Saudi Arabia’s Crown Prince Mohammed bin Salman on Saturday said that the Kingdom of Saudi Arabia is ready to support the extension of an oil production cut agreement reached last year between OPEC and some Non-Opec nations in order to balance global crude oil supply and demand.
“The Kingdom affirms its readiness to extend the production cut agreement, which proved its feasibility by rebalancing supply and demand,” the Crown Prince said in a statement.
Crown Prince Mohammed bin Salman also said that “the high demand for oil has absorbed the increase in shale oil production.”
“The journey towards restoring balance to markets, led by the Kingdom, is proving successful despite the challenges,” he added.
The Crown Prince said during the October 24-26 Future Investment Initiative (FII) conference in Riyadh that demand for oil will increase in the future, which restored trust to petroleum markets. The Crown Prince said that the future of energy, both conventional and renewable, will be promising, and that the Kingdom will lead both sectors.
OPEC holds its ministerial meeting in the Austrian capital Vienna at the end of next month. OPEC and some non-OPEC countries including Russia have vowed to lower their output by a total of about 1.8 million barrels per day to the end of March 2018 to help curb a glut in global petroleum supplies.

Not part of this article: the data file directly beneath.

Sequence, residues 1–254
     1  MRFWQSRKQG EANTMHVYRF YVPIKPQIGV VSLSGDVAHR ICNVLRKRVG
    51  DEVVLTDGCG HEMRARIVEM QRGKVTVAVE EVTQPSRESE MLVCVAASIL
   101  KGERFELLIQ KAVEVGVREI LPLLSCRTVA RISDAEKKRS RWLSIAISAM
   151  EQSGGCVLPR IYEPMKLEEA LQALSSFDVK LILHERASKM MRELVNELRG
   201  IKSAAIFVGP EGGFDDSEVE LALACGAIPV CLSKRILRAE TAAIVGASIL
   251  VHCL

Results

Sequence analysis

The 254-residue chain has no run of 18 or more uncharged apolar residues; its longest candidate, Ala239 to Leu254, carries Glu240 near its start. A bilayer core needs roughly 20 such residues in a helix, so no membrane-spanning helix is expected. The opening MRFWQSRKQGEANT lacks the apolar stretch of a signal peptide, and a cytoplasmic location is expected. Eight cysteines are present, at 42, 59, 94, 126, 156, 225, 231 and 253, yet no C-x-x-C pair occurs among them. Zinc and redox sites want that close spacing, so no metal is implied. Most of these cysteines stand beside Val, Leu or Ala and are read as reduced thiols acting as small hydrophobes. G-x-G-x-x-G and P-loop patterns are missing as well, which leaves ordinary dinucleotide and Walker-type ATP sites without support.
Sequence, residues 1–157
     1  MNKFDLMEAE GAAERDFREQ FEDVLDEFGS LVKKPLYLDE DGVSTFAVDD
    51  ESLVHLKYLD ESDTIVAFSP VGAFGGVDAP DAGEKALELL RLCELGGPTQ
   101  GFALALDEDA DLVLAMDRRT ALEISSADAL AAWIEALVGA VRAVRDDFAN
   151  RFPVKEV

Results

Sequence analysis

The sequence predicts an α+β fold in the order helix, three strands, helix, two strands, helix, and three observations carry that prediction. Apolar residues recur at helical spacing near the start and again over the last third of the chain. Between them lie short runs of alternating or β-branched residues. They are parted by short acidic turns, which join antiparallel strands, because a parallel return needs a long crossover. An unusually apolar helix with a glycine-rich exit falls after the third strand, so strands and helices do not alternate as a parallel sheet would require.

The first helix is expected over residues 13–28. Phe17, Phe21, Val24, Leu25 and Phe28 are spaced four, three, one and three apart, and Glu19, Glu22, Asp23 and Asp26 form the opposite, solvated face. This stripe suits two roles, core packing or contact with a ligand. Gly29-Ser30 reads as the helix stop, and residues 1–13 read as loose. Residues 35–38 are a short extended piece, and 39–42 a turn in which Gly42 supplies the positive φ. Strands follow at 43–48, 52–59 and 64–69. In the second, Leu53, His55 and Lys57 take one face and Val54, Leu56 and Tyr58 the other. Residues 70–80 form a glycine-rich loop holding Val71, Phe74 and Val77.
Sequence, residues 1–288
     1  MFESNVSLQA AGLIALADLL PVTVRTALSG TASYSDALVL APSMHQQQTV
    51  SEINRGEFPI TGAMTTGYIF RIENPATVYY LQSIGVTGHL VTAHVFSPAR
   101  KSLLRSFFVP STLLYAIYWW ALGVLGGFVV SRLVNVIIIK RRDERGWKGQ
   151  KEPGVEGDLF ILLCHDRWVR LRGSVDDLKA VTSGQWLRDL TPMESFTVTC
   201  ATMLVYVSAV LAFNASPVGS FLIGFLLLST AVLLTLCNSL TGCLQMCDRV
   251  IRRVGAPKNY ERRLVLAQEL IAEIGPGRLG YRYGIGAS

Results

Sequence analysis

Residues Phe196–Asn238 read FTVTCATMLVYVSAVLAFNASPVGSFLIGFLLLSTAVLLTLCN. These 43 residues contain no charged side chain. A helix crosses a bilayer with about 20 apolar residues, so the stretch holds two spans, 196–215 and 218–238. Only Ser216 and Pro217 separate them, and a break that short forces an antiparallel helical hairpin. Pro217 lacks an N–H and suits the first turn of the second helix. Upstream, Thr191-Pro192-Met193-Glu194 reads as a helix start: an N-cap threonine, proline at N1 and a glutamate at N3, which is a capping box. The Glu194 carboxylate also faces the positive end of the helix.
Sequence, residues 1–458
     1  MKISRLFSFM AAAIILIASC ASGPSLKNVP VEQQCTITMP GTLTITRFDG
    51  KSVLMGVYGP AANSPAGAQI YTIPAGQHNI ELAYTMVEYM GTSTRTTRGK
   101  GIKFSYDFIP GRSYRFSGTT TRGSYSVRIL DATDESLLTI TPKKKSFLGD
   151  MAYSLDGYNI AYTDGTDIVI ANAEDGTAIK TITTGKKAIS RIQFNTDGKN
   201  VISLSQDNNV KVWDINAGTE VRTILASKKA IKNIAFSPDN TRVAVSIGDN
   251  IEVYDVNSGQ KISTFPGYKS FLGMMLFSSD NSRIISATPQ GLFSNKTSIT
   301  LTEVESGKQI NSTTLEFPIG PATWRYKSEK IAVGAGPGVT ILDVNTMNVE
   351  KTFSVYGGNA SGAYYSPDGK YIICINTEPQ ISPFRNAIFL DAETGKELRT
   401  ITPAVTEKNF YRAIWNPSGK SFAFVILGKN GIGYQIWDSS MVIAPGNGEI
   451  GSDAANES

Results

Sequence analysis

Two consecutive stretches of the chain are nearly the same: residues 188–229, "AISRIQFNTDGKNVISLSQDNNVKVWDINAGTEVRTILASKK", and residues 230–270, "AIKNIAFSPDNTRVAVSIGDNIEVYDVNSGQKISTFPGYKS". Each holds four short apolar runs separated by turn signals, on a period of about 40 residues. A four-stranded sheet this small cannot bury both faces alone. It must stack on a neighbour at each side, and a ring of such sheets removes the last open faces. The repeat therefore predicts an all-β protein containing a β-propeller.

Offshore Energy Today has previously reported that Vladimir Putin, president of Russia, the biggest producer of the Non-Opec block that’s part of the deal, would not rule out the possible a possible further extension of the agreement between OPEC and Non-Opec nations to cut oil production once the deal expires in March 2018.
In a speech earlier in October, during the Russian Energy Week event, Putin said that the deal Russia, other countries, and OPEC members reached in 2016 not only stabilized oil prices, but has also enabled opportunities to “implement promising projects for technological cooperation, because investments have returned to this sector of the world economy.”
Putin said: “What we did together with OPEC, I think, is beneficial to the entire world economy. Whether we will extend these agreements or not, will depend on how the situation in the world market will develop. In principle, I do not rule it out, but we will proceed from those realities that will develop in March 2018.”
He also said:”When we decide whether to extend or not, then we will define the terms. But in general, if we talk about a possible extension, then, of course, at least until the end of 2018.”
According to Reuters, Brent crude futures were at $60.55 per barrel Monday morning, near the highest level since July 2015.